|Sabrina J. Mielke, Zaid Alyafeai, Elizabeth Salesky, Colin Raffel, Manan Dey, Matthias Gallé, Arun Raja, Chenglei Si, Wilson Y. Lee, Benoît Sagot, Samson Tan|
|Published on arXiv.org, 20 December, 2021|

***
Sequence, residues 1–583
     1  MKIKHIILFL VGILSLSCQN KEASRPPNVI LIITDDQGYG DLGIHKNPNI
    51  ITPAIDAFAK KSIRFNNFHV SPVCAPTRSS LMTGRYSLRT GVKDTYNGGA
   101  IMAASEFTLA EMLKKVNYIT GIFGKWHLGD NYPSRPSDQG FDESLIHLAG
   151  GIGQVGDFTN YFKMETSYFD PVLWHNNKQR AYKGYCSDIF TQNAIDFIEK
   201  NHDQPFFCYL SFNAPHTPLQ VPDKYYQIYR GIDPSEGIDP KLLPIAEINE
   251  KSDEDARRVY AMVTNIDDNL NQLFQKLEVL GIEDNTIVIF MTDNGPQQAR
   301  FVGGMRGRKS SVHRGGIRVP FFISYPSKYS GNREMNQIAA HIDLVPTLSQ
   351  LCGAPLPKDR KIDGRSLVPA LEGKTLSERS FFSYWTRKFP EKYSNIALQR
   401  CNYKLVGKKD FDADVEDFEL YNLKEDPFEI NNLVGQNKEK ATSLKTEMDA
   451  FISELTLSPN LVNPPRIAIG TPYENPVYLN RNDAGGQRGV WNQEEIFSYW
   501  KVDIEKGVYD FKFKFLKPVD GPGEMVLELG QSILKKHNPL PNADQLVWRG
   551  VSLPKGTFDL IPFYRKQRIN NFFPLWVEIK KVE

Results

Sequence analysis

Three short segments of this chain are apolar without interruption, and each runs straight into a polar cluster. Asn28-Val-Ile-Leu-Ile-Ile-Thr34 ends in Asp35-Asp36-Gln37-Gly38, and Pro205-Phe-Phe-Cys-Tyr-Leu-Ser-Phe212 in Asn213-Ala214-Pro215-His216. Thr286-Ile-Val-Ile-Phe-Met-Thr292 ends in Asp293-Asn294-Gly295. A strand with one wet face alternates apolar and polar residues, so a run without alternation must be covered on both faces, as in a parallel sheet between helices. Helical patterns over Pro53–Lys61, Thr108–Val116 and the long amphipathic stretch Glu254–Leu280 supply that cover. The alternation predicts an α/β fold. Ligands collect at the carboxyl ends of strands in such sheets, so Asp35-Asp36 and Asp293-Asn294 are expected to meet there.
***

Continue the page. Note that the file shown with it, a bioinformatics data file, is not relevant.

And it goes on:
What are the units of text that we want to model? From bytes to multi-word expressions, text can be analyzed and generated at many granularities. Until recently, most natural language processing (NLP) models operated over words, treating those as discrete and atomic tokens, but starting with byte-pair encoding (BPE), subword-based approaches have become dominant in many areas, enabling small vocabularies while still allowing for fast inference. Is the end of the road character-level model or byte-level processing? In this survey, we connect several lines of work from the pre-neural and neural era, by showing how hybrid approaches of words and characters as well as subword-based approaches based on learned segmentation have been proposed and evaluated. We conclude that there is and likely will never be a silver bullet singular solution for all applications and that thinking seriously about tokenization remains important for many applications.
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